- And, they lived under the dominion of the Roman Empire’s imperial theology that proclaimed that the emperor was the Son of God, Lord, Savior of the World, and the one who had brought peace on earth. This is the context of their reality.
Into this world, the early writers in the faith proclaim something quite to the contrary:
- Jesus, not the emperor, is the Son of God, Lord and Savior. God, as revealed in Jesus, was Lord, and the emperor was not!
- In this context, St. Paul’s most concise affirmation about Jesus was “Jesus is Lord.”
- And to teach that was high treason. It is not surprising that Paul, like Jesus, was eventually executed.
In Christ all things hold together
Into this environment, the words to the believers are heard: In Christ all things hold together. Really? It must have been tough to believe that then too, don’t you think?
Further, I can’t imagine that the Apostle Paul, in his wildest imagination, anticipated that his letter to these believers in Colossae (modern Turkey) would be read by us 2000 years later!
Seeing the big picture
Today, our world view has expanded a bit since then. Our “big picture” has continued to grow. Even the brilliant Apostle Paul did not likely comprehend the vastness of space, or space travel. As my friend, Jim, an astrophysicist who worked on the James Webb Space Telescope helps me understand:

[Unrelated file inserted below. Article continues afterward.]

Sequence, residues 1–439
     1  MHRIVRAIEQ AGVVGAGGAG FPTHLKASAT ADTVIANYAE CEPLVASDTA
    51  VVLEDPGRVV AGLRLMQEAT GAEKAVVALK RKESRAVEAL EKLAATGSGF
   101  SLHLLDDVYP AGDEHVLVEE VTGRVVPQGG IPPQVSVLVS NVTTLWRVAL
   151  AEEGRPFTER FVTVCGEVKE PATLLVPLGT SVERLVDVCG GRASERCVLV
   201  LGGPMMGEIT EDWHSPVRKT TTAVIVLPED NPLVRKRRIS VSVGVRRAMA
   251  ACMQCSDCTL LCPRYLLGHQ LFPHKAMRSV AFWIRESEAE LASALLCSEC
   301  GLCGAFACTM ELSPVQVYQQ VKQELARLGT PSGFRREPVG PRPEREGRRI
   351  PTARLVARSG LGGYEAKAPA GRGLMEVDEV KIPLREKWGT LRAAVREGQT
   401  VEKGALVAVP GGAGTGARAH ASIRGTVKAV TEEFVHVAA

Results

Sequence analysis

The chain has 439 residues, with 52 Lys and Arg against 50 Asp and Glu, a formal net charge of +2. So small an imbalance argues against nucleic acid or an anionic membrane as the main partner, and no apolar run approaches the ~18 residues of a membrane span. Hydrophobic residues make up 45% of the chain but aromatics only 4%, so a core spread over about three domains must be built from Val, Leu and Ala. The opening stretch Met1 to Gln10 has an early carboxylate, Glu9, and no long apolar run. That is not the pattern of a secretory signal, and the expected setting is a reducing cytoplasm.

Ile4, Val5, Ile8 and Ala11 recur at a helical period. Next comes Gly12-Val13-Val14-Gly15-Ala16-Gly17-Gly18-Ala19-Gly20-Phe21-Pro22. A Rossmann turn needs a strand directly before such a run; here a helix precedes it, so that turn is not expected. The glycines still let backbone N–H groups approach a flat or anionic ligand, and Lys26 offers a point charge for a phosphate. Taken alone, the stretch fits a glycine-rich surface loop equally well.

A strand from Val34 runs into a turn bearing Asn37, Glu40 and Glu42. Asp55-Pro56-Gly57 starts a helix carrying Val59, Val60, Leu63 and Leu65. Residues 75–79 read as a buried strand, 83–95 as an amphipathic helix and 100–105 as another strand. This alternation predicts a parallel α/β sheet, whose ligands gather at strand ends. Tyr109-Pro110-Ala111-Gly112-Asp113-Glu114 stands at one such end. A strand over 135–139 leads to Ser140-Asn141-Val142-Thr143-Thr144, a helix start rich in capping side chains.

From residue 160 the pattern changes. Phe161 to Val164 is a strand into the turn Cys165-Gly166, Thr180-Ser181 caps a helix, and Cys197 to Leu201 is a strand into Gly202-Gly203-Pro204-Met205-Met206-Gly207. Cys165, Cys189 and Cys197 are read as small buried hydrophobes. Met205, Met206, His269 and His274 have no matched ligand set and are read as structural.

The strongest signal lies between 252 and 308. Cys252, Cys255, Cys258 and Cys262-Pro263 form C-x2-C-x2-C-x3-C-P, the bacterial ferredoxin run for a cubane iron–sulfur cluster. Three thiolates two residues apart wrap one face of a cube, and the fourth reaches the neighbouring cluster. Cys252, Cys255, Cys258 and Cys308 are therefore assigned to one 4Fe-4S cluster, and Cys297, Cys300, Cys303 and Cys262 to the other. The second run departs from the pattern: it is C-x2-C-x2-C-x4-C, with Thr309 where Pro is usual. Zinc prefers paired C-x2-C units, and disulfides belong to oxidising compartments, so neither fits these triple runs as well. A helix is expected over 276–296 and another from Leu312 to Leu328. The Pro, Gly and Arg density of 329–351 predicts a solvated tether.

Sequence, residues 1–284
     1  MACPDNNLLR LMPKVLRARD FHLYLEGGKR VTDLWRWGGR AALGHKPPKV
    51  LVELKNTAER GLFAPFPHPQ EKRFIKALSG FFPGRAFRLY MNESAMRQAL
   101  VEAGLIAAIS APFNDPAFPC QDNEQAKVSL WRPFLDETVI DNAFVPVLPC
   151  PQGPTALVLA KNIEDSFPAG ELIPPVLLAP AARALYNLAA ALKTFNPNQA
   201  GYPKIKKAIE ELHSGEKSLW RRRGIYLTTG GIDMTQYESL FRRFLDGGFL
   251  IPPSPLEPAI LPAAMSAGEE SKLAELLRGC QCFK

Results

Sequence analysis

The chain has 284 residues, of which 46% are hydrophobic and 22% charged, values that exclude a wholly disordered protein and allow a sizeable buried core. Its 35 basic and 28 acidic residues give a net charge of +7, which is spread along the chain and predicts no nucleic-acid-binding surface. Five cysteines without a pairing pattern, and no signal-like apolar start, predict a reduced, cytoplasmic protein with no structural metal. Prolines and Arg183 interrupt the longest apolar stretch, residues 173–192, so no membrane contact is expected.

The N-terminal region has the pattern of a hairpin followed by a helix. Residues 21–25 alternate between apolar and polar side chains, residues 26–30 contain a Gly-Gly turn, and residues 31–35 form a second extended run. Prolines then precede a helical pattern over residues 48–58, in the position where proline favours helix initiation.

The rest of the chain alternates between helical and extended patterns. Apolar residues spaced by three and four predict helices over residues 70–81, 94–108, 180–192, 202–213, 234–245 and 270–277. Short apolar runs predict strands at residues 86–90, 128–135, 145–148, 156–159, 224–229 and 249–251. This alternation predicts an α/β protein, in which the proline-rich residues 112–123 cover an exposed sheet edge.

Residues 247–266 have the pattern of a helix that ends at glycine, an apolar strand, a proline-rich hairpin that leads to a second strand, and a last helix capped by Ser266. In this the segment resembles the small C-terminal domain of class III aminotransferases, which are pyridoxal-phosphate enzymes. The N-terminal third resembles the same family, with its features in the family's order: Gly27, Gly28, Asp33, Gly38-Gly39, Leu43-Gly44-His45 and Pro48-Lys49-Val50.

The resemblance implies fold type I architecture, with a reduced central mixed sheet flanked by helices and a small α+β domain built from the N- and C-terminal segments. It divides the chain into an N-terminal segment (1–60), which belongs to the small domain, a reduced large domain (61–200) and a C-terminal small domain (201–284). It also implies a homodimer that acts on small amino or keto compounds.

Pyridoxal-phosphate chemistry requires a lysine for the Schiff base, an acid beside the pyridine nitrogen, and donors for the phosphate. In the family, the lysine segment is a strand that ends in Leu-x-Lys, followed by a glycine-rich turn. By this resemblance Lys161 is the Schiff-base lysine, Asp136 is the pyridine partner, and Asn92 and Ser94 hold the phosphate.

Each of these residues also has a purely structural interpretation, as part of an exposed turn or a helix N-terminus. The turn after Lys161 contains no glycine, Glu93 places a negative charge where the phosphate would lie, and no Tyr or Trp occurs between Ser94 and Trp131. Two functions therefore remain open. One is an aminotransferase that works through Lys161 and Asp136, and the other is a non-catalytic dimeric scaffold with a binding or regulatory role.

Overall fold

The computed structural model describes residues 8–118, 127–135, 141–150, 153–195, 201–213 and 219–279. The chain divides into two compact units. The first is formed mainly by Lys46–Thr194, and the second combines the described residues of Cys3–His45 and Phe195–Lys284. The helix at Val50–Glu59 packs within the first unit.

- There are more stars in our single galaxy than there are human beings who have ever lived on the face of this earth in all of its history.
- There are more galaxies in our universe than there are stars in our single galaxy.
- Our galaxy is only one of billions of galaxies in the universe.
- And now, we are talking about the “multiverse” – more than one universe.
As a teenager, I attended a good Lutheran church in North Hollywood, California. And I was introduced to a little book written by J. B. Philips – Your God is Too Small. As I have learned every year since – clearly, he was right. Our understanding of God continues to expand, as our understanding of “all that we can see” continues to expand.
The need to believe
In the last few weeks, I have become aware of how much I want and need to believe that “in Christ, all things hold together”:
- Every morning I am reminded of the countless examples of the brokenness of our country and our world.
- As neighbors on this spinning little globe, we seem unable to find and choose the “reconciling” paths that sustainably embrace all of us.